I'd suggest you first get handle on the sound and general position of the harmonics in this area, then use that knowledge in the context of the piece.
The fourth-fret harmonic (which is also called the fourth harmonic) is played pretty much over the fourth fret and should sound two octaves above the note on the fourth fret (two octaves and a major third above the open-string note). Play the open string and the fourth fret first and then play the third harmonic (over the fifth fret) and the fourth harmonic (over the fourth fret). In both cases you should be playing the same notes, except the harmonics will be two octaves higher.
When you're starting with this, I suggest you try it on the bass strings first (the vibration frequency is lower and you might find it easier to produce clear-ringing harmonics) and use a pick, which has a more definite attack than the fingers. Touch the string gently above the respective frets with your left hand fingertips and lift your fingers quickly after plucking the string in order to let the harmonics ring out. When you get it right on one string, practice it on all the others.
The fifth harmonic (third fret) is more troublesome, especially since it doesn't lie exactly above the fret, but rather approx. 1/4 of the distance between the third and fourth frets higher than the third fret. It should sound an octave higher than the harmonic over the seventh fret. Again, when learning to play this harmonic start with the bass strings and use a pick. It's not easy at first, but you should get it down eventually. Once you do, move it to the other strings.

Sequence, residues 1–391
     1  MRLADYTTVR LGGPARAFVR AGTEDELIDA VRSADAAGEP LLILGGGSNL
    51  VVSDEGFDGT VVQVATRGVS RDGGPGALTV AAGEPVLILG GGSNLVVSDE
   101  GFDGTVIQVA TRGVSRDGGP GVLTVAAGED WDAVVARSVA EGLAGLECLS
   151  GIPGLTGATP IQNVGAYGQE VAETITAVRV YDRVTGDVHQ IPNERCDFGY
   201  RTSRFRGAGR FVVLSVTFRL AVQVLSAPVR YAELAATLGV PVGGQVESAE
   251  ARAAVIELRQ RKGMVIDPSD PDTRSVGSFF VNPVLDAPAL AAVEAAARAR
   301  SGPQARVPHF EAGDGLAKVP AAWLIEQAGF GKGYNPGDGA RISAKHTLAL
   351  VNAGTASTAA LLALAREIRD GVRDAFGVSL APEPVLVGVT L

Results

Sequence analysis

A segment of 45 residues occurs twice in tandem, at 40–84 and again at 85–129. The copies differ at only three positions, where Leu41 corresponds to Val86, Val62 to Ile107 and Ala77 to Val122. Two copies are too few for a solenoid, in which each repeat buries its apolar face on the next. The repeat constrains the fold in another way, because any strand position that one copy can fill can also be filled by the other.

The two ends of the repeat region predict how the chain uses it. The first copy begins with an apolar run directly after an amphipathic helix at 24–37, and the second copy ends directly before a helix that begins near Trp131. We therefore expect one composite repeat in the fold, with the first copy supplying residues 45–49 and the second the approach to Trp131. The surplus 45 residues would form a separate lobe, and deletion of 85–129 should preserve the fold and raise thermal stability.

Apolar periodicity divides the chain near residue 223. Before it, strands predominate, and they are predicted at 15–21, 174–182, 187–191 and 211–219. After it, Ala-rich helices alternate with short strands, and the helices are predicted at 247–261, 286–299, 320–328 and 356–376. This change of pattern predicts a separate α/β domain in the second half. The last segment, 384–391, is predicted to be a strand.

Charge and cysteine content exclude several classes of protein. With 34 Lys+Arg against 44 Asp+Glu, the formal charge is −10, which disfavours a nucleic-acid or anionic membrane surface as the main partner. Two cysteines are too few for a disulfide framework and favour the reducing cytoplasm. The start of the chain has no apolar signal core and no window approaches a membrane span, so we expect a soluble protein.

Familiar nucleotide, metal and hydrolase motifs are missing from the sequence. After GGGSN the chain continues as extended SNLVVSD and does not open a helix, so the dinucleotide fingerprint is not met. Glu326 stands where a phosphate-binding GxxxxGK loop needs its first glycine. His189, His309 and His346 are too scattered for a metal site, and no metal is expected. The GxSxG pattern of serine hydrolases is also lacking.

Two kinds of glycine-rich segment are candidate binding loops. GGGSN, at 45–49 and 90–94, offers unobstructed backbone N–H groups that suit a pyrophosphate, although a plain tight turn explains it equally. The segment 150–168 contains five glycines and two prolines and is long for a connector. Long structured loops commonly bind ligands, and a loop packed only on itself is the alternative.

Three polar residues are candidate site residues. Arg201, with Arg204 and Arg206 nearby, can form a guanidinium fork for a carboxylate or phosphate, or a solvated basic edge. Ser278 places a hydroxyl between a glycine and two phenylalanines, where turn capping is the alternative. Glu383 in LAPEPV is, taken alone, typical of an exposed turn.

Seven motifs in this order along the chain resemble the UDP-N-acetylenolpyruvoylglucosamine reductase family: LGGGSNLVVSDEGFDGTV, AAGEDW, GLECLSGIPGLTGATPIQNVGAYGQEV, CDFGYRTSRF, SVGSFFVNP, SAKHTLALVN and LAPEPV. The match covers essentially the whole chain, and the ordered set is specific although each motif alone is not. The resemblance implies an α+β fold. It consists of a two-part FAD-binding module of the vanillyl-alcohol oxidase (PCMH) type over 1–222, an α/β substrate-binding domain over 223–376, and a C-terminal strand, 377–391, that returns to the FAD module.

A good way to test your ability to play these high harmonics is to play the third harmonic (fifth fret), fourth harmonic (fourth fret) and fifth harmonic (between the third and fourth frets, closer to the third fret). Together, they should sound like a major arpeggio.
For bonus points, you can try to get the seventh harmonic - which lies halfway between the fifth fret and the nut, about midway between the second and third frets. The note is three octaves higher than the open string and it completes the arpeggio played with the preceeding three harmonics.
It's a difficult harmonic to play cleanly, but once you are comfortable with it, you'll have pretty much the entire useable harmonic series under your belt.